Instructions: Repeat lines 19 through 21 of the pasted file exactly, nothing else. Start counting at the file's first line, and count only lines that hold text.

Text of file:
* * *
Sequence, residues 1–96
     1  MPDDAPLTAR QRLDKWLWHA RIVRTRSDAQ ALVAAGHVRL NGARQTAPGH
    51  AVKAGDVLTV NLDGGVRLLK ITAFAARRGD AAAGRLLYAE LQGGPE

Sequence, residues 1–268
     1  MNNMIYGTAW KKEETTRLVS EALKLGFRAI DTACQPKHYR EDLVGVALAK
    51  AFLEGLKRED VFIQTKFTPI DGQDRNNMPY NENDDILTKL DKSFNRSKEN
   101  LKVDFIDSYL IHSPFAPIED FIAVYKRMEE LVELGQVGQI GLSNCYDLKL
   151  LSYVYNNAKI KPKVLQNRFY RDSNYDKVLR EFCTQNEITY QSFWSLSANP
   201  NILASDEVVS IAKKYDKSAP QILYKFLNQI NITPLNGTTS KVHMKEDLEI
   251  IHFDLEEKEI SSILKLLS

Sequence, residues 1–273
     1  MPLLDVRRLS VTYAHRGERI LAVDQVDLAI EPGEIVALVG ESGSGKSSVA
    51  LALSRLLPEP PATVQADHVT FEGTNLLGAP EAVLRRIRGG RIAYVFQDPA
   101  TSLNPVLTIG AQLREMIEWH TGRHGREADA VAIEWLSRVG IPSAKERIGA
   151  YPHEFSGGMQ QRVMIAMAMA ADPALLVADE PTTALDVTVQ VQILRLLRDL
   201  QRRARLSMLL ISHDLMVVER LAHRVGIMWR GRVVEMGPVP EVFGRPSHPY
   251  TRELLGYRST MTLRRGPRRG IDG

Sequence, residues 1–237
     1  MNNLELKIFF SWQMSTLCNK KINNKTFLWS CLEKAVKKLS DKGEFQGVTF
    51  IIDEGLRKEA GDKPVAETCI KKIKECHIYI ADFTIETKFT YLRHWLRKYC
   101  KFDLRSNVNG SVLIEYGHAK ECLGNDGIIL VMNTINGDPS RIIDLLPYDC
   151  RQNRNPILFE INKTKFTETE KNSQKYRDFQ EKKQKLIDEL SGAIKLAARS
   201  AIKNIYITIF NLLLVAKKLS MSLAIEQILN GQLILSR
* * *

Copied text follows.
     1  MNNLELKIFF SWQMSTLCNK KINNKTFLWS CLEKAVKKLS DKGEFQGVTF
    51  IIDEGLRKEA GDKPVAETCI KKIKECHIYI ADFTIETKFT YLRHWLRKYC
   101  KFDLRSNVNG SVLIEYGHAK ECLGNDGIIL VMNTINGDPS RIIDLLPYDC